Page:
Very short and very sweet, because unlike the freakshow that was Shu Uemura Blanc:Chroma cushion foundation, these crayons are awesome.
Which only proves what we've all known for ages - Shu Uemura does eye makeup well. Does eye makeup remarkably well.
And no, this is not a sponsored review - I bought these.
I am a huge Shu Uemura fangirl, I can't deny it. Even though Shu skincare leaves me feeling meh, their point makeup more than compensates for that.
I have already written about my collection of Shu Uemura Drawing Pencils.
Today we will talk about Shu Uemura Drawing Crayons.
What is it?
Basically, your standard big, fat crayon that works as an eye shadow, or - according to Shu - as an eyeliner.
I use them as eye shadows.
They are waterproof, long wearing, non-smudging colors that stay-on-forever in a true Shu Uemura fashion.
The colors are beautiful soft pastels - perfect for spring.
The swatches I have seen on the internet look awfully photoshopped with saturation and vibrance cranked up to the max.
In reality, they are much softer and subtle - even the bright hues like blue or green.
The whole collection consists of 12 colors.
They are marked as M for matte, P for pearly, and S for shimmer (in some countries, like Malaysia, shimmer shades are not marked as S, so be careful).
image from Shu Uemura Malaysia
I have these six colors:
- Pearly Brown
- Pearly Yellow Gold (doesn't seem to be available anymore in Japan)
- Pearly Purple
- Pearly Soft Orange
- Pearly Pink (number 1 popular color, according to Shu Uemura Japan)
- Matte Soft Brown.
And this is how they swatch.
No photoshop and no filters applied!
Swatches of Shu Uemura Drawing Crayons:
As you can see, all of them are very wearable, everyday colors.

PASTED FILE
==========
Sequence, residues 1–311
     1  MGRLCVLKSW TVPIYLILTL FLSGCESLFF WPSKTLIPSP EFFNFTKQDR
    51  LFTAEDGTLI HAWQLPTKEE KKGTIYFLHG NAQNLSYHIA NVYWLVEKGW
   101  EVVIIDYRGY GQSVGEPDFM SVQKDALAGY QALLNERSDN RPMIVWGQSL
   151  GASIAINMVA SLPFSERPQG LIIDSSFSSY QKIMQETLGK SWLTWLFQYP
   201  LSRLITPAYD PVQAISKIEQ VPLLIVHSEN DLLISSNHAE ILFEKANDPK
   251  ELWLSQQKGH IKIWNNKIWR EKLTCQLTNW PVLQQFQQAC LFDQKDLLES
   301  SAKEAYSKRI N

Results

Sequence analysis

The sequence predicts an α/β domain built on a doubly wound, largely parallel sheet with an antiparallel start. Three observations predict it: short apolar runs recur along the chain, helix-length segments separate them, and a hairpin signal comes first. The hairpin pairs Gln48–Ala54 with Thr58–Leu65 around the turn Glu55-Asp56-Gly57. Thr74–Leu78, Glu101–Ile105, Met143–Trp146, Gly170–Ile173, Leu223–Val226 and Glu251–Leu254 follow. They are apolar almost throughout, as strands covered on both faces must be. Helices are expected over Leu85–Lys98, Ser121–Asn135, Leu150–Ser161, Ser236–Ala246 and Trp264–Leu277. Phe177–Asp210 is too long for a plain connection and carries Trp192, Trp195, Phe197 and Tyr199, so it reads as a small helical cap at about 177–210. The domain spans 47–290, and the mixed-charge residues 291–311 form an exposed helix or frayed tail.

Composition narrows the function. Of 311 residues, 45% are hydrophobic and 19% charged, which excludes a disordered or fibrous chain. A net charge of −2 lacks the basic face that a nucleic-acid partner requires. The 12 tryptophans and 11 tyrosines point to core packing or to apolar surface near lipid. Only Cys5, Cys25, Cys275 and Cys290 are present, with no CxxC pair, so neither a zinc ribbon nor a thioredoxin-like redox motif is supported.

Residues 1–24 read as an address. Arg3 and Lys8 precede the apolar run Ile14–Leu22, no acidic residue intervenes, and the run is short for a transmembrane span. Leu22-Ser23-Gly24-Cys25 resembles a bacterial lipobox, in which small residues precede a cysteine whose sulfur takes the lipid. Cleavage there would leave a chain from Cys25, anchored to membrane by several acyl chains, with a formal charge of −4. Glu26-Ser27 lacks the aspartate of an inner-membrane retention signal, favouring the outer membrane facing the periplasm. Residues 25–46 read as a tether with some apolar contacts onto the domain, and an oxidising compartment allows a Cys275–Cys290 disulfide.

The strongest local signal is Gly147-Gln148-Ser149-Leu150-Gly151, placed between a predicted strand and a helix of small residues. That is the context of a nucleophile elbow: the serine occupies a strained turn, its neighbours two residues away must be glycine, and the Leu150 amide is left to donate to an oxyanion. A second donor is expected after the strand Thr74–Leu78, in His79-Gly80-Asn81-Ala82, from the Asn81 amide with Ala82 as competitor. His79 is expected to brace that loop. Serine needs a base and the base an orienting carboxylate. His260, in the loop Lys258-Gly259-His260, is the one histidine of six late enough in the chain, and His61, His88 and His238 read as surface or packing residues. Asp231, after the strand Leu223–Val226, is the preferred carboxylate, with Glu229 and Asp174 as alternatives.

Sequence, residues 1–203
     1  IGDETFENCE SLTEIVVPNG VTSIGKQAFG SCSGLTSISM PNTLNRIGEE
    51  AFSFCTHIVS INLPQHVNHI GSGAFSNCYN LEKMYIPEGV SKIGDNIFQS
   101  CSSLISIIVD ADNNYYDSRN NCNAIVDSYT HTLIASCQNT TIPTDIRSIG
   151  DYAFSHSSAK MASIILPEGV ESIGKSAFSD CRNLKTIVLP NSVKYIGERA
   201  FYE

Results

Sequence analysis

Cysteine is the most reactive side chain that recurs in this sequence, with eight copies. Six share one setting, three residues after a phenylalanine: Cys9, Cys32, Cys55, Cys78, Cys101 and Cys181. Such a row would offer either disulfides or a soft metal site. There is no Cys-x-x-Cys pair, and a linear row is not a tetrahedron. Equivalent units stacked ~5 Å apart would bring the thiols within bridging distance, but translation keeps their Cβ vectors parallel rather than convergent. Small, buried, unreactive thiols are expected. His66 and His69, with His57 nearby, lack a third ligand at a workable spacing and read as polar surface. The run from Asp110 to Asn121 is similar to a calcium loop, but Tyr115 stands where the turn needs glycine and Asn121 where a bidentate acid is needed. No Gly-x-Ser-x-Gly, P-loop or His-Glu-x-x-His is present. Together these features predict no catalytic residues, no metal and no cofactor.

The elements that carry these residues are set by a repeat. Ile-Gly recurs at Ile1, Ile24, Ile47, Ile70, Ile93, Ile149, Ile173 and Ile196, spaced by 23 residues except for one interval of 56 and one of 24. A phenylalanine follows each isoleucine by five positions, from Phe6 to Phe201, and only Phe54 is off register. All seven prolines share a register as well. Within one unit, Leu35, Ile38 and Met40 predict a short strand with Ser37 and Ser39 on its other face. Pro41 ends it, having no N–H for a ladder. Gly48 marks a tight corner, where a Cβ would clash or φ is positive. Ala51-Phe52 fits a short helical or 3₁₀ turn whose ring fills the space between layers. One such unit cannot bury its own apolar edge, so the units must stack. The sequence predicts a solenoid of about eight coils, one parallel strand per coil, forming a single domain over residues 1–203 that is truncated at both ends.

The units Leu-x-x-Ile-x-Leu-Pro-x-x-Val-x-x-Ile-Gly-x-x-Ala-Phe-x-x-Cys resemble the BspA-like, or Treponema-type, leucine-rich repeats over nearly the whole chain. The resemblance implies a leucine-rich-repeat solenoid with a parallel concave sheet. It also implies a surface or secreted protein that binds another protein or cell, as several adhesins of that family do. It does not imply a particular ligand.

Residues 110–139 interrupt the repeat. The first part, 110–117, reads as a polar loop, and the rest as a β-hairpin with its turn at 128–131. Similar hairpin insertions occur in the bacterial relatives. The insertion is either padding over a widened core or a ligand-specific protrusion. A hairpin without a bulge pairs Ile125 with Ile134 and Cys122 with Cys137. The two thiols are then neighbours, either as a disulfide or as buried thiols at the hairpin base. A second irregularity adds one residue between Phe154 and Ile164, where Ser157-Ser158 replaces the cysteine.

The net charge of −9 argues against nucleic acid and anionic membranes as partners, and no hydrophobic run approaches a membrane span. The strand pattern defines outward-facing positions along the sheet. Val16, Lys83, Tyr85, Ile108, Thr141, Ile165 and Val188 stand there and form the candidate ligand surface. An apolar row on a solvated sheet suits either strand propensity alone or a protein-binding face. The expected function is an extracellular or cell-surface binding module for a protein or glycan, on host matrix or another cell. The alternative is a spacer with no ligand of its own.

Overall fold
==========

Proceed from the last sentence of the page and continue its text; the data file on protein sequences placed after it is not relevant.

I am clueless when it comes to traditional eye shadows, I don't know how to use them, how to apply them and how to blend them.
Eye shadow crayons are my salvation. Just draw a line, smear it a bit with your finger and you're good to go. That's how I roll. Fiddling and piddling with brushes requires a level of makeup skills that I just don't have. And at my age, I am too old to master. So it's sticks and crayons for me all the way.
Same as Shu Uemura Drawing Pencils, these crayons are made in Germany.
They are very old school. You will need to sharpen them. You will need a big, fat Shu Uemura sharpener here.
Let me repeat it, these are NOT the twist type. These are the old school sharpening type.
To most Shu fans that is pretty obvious, but to newcomers to the brand it might be a bit of a shock. One reviewer on the American Shu site complained that "they are good for only a few times and there is no way to get more crayon."
Yes darling, there is a way to get more crayon, it's called sharpening.
To me it's not a deal breaker, but I know to many people might be.
Not sure who'd be interested in the ingredients, but here they are, just in case.
Shu Uemura Drawing Crayon ingredients:
2800 yen plus tax.
A bit on the steep side, but we're not talking about L'Oreal Infallible® Eye Shadow Crayons here.
Incidentally, Shu Uemura is a L'Oreal brand, and it's been said that the Infallibles make for good Shu dupes. Personally I don't know, so can't confirm.
From what I've seen on them innernets, L'Oreal Infallibles are much more shimmery with quite big glitter particles.
These Shu crayons are more in line with Clinique Chubby Sticks Shadow Tint for Eyes. But Clinique sticks are not as long lasting as Shu Uemura Drawing Crayons. However, on the plus side, they don't need to be sharpened.
(And I have a crapton of those, so I definitely can confirm.)
You have all the pros and cons.
I love them.
If I had more disposable income, I'd buy all 12 colors.